Linaro has recently developed and open-sourced KissCache, a simple and stupid caching server built on the KISS principle: Keep It Simple Stupid.
Unlike classical proxies like Squid that transparently intercept traffic, in order to use KissCache one must explicitly prefix the requested URL by the URL of the local KissCache instance. KissCache will download the requested resource in the background while streaming it to the client.
If many clients are requesting the same resource, KissCache will download it only once and stream the content to every client.
At Linaro we use KissCache in our CI system to cache build artefacts (kernel, rootfs, ramdisk, dtb).
For instance, when LKFT is validating a Linux kernel LTS release-candidate, it will submit many jobs to LAVA to be executed on a variety of hardware platforms. These jobs will run in parallel, using many of the same artefacts. Thanks to KissCache, our CI system will download each resource only once, saving network bandwidth.
In the last month, Linaro’s KissCache deployment handled more than 160k requests, serving 32TB of data while only downloading 1TB from outside of the Linaro lab. When artefacts are hosted on a system where network bandwidth is charged per unit (such as Amazon S3), this can amount to several thousands of dollars in savings per month (as is the case in Linaro.)
Linaro has long used Squid in the Linaro embedded device Lab, but it has struggled to meet our requirements to:
- download each resource only once when requesting the same URL in parallel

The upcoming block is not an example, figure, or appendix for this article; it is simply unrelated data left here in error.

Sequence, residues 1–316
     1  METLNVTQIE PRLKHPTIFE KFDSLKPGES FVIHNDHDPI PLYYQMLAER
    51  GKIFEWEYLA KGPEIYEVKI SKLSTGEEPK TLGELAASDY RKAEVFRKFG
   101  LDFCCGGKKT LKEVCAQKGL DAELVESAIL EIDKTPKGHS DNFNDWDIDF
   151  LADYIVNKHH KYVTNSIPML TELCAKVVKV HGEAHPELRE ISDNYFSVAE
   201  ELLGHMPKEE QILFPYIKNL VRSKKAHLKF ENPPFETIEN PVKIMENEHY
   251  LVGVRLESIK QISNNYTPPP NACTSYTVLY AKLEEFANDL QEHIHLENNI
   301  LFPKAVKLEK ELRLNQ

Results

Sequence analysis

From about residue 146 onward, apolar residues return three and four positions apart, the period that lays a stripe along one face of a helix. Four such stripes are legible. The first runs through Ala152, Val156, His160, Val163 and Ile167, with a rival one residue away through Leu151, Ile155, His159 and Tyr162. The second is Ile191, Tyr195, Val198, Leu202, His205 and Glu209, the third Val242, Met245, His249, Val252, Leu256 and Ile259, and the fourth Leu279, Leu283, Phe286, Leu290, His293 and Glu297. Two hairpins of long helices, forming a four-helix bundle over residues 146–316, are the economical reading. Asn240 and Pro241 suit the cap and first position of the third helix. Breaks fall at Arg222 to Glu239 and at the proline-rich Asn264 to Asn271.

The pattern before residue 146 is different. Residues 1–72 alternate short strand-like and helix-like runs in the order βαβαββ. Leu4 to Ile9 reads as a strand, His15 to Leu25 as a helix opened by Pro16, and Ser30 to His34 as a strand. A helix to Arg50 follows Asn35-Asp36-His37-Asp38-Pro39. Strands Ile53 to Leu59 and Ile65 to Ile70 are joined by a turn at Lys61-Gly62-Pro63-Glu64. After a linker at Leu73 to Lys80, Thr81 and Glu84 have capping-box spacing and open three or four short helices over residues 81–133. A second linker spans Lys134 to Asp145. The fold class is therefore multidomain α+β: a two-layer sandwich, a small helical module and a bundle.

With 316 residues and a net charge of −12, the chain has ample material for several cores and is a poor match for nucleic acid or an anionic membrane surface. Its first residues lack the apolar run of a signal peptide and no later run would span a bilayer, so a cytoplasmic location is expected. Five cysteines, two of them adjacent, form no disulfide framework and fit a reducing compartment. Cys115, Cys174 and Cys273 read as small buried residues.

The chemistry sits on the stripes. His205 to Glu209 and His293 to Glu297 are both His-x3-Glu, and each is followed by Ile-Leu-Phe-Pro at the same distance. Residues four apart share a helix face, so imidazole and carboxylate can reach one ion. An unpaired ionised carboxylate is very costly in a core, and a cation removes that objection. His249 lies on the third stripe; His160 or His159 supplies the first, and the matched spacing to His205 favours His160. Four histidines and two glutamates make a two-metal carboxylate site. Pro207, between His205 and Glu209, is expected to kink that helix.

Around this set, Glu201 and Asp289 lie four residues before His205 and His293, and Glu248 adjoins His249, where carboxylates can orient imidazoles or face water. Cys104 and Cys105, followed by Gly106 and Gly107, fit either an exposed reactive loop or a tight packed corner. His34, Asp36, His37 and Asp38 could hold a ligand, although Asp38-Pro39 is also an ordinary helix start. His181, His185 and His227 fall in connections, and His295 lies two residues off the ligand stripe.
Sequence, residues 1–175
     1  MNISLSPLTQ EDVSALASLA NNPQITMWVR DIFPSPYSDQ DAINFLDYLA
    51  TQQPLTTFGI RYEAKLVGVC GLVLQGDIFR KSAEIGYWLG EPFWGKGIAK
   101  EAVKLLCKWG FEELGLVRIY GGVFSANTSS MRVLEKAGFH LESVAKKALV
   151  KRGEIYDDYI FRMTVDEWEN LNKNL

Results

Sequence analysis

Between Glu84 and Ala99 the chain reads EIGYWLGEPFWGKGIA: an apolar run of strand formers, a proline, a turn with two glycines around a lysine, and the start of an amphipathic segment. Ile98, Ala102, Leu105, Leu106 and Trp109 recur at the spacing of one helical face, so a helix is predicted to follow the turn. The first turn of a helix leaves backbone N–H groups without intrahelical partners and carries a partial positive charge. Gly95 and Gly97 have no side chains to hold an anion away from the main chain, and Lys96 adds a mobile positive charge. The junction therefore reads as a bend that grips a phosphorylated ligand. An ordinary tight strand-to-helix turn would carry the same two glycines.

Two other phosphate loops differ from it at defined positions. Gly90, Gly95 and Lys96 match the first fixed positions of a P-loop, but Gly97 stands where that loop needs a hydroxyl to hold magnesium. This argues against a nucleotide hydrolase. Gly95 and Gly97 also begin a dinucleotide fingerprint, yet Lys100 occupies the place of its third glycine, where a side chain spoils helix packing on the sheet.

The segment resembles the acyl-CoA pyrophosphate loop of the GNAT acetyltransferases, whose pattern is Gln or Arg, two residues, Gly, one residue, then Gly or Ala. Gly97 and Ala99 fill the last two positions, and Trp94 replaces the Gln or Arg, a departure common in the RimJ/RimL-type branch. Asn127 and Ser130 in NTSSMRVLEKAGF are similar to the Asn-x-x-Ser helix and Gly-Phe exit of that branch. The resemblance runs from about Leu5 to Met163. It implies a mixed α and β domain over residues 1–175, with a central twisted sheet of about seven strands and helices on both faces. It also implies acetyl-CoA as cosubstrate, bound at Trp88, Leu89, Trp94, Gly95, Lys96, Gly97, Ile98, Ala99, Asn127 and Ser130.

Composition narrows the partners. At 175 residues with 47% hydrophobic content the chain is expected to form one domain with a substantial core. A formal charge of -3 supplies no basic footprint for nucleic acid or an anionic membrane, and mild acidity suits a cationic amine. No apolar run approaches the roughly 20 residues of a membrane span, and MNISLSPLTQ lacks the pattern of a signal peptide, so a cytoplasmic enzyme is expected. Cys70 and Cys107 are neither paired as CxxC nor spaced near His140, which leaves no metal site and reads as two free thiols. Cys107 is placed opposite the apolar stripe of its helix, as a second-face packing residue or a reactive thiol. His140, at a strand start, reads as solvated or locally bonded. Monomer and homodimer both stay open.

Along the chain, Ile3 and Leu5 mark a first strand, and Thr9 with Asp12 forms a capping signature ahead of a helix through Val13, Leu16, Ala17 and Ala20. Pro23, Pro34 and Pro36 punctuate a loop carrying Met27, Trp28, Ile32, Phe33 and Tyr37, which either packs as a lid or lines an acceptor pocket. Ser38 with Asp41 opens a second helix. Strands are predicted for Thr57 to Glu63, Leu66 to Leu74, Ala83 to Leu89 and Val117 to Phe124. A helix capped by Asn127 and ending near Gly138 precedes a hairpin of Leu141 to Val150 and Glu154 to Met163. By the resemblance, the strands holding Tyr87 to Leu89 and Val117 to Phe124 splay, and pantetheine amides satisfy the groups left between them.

- cache https resources
Configuring any proxy to handle https resources is fairly difficult and requires working around the security features of SSL certificates. When a client requests https://example.com while using a proxy, the proxy would need to provide a valid SSL certificate for ‘example.com’. This will break usual assumptions about SSL certificates as only ‘example.com’ should be able to generate such certificates.
In order to generate a valid certificate for ‘example.com’, a site admin could:
- generate a root certificate
- install it on each client
- configure the proxy to sign every requested domain with this root certificate
The client would accept this fake certificate since it is signed by a known root certificate.
While this is a working solution, if the root certificate is stolen, an attacker would be able to set up a man-in-the-middle attack on every local SSL connection.
KissCache does not need to implement such an SSL hack since the client is directly connected to the KissCache instance that can return its own SSL certificate.
To quickly create a local instance of KissCache do the following:
git clone https://git.lavasoftware.org/ivoire/KissCache cd KissCache docker-compose build docker-compose up
The instance will be available at http://localhost:8001.
You can now use this KissCache instance by prefixing the URL:
KissCache workers will download the resource and stream it back to you.
By default, KissCache will keep each URL for 10 days. The admin may update the default value while users can specify the duration in the request URL.
Every hour, KissCache will automatically delete resources that are outdated.
By default, KissCache will use 2 GB of disk space. When the quota is full, KissCache will return a 507 (Insufficient Storage) error for every new request.
If the quota usage is above 75%, KissCache will drop enough resources to lower the quota usage below 75%. KissCache will drop the least recently used resources first.
KissCache access can be restricted to a given network. Only IPs from a specific subnet would be able to fetch resources while the web interface will remain visible to anyone.
KissCache is licenced under the MIT licence.
The source code is available on GitLab. Feel free to create an issue or to send a merge request.